Y Kant Tori Read
Listen & Buy
Released July 1988 (US)
Tori Amos: vocals, piano, keyboards
Steve Caton, Steve Farris, Peter White: guitars
Matt Sorum: drums
Steve Farris, Tim Landers, Fernando Sanders: bass
Kim Bullard: keyboards, piano (Fayth), programming
Steve Caton, Gene Black: additional guitars
Eric Williams: mandolin
Richard Bernard: bouzouki
Paulinho Da Costa: percussion
Devon Dickson: bagpipes
Ce Ce Bullard, Zobbin Rander, James House, Merry Clayton, Nancy Shanks,
The Valentine Bros., Rick Nelson: background vocals
Highest Chart Position: n/a
Atlantic Records released Y Kant Tori Read in July 1988. The album was preceded by the single The Big Picture released one month earlier in June. Y Kant Tori Read was released in all three formats: LP, CD and cassette. The name of the album was Tori’s ambiguous reference to her days at The Peabody Conservatory when she refused to read music; although she was thoroughly capable of doing so. The band consisted of studio musicians thrown together by producer Joe Chiccarelli, who had previously produced Pat Benatar. Tori sang, played piano and wrote all the tracks except for co-writing four tracks with ex-Poco member Kim Bullard and one track with Brad Cobb. The album was produced and recorded by Joe Chiccarelli at Hollywood Sound Studio in Los Angeles. At this point in her career Tori was not yet calling the shots and worked with whomever Atlantic Records saw fit to throw into the mix. The band included Steve Caton, who would continue to work with Tori on her four solo albums and accompany her on the Dew Drop Inn ’96, Plugged ’98, and 5 1/2 Weeks Tours. Also included were Matt Sorum (who would go on to play drums in Guns & Roses and The Cult), Steve Farris (Mr. Mister) and Kim Bullard. Photography for the album was by Aaron Rapoport.
Putting aside the severe metal-babe image projected on the cover and the seriously pouting vixen on the back of the album, Y Kant Tori Read actually contained a few non-lethal tracks. The Etienne Trilogy would not be too far out of place on Little Earthquakes, and The Big Picture as well as Cool On Your Island have a certain edge to them (although it helps to listen to The Big Picture if you are watching the video at the same time).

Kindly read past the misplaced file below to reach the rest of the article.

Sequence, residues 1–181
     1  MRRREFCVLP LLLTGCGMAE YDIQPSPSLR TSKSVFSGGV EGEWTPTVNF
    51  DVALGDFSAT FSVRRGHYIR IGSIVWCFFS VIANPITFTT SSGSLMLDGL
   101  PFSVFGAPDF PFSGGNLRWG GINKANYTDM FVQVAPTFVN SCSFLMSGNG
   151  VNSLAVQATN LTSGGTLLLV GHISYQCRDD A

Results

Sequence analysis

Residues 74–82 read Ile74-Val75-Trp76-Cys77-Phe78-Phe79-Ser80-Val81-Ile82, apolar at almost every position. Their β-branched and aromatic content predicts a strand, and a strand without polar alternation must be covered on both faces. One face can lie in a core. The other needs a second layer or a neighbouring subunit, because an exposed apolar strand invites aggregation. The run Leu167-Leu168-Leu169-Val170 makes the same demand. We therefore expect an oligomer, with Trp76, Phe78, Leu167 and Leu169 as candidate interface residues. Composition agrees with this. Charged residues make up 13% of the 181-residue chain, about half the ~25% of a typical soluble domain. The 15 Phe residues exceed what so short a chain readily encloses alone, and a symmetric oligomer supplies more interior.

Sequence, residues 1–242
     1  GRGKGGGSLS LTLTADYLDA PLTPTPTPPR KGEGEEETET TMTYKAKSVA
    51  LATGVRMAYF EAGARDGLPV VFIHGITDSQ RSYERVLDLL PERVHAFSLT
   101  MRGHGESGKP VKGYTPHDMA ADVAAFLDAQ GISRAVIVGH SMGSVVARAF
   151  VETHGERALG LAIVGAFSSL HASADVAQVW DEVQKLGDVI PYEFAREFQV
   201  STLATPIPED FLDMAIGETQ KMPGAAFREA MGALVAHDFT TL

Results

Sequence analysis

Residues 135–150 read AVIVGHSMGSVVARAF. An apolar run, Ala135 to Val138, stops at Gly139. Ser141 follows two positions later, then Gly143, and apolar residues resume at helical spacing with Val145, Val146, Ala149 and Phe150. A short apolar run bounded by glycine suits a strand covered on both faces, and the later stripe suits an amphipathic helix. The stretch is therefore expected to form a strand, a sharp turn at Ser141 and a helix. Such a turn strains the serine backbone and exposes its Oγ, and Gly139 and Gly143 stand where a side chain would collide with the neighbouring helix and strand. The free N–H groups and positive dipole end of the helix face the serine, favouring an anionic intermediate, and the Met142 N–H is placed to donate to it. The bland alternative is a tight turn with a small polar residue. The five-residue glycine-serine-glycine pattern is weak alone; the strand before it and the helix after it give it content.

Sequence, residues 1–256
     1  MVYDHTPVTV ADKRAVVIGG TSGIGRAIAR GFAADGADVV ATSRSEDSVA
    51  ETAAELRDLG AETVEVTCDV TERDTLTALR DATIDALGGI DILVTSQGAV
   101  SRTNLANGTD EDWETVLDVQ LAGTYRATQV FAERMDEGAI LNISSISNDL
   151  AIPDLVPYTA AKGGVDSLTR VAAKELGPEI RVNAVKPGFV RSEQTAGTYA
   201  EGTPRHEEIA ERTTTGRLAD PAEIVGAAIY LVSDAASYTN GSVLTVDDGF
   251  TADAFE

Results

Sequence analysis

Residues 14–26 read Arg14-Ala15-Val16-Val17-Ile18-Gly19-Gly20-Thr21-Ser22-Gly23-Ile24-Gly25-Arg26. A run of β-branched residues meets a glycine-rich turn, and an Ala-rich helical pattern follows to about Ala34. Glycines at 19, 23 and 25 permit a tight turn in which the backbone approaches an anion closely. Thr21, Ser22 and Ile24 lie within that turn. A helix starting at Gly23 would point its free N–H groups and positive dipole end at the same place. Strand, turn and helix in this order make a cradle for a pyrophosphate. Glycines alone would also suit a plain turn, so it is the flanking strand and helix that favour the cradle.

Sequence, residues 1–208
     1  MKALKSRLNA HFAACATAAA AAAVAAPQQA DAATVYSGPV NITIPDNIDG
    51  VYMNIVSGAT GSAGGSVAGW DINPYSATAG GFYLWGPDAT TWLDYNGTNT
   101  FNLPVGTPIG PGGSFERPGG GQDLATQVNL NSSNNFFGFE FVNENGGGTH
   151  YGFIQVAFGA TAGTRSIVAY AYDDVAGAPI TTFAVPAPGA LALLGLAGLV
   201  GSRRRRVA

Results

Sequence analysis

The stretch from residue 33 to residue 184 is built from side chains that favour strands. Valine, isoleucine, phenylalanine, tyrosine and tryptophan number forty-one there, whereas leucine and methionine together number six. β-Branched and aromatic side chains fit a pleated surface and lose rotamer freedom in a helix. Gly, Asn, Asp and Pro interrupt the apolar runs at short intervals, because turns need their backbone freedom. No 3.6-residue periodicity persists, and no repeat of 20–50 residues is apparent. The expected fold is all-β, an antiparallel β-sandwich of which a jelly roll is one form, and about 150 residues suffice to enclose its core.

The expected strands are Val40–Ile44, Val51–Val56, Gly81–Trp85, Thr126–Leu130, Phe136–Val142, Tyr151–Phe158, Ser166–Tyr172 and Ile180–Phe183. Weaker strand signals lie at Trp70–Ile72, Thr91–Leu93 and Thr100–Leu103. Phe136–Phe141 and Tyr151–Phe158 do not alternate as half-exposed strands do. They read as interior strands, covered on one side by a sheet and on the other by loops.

Unfortunately, the rest of the album is a tough listen at best. Most copies of the LP that are found today are promotional copies because the album sold poorly. Because of this, commercial (non-promotional) cassettes appear more frequently than commercial copies. The CD is practically non-existent and commands a price that has climbed into the hundreds of dollars. The CD has been bootlegged in several different versions. Finding an original Atlantic CD sealed in a long box is virtually impossible.
Tori has been asked frequently about the re-release of Y Kant Tori Read and has stated that “It’s not going to happen.” The only possibility for an official Atlantic re-issue might be if Tori were to change labels at some point in the future and Atlantic would miraculously resurrect this “lost” album. However, that situation seems highly unlikely at best.
– from Tori Amos: Collectibles
“It was a different time; I was in a different place. Everything was over the top — the high hair, everything. I was shopping at Retail Slut.” If you ever hear the album, though, skip to Cool on Your Island. She likes that one….As seen on the cover of Y Kant Tori Read, Amos used to wield an old-fashioned saber. “I was taking lessons. I was really into the whole New Romantic lifestyle. Could I still handle it? I’d have to spend a long time brushing up.”
– Tori; Blender Magazine, Nov 2002
“Working in the clubs so young like I did,” confesses Tori, “I became a chameleon, and took on many personalities. This album is the coming together of these personalities: the warrior – the lady with the sword from the album jacket; the child (that I couldn’t be in the clubs); and the woman, who is the balance between the two. I am just entering womanhood actually.”
– Tori; Official Y Kant Tori Read press release from Atlantic Records (1988)
“I don’t want to re-issue it because it might become a parody of the time. I haven’t stopped it being around. In the past, the record company have said let’s reissue it and I’ve said, “Let’s not!”. They’d be doing it for all the wrong reasons. It’s not right to do it just to cash in. It’s very of the time, to re-issue it now is just confusing. It’s like me getting back together with an old boyfriend and having sex with somebody I did when I was 23. I’m not hiding the fact we did it and if you can find the photographs to prove it, y’know? But I’m not gonna do it again. ”
– Tori; Attitude Magazine, September 2001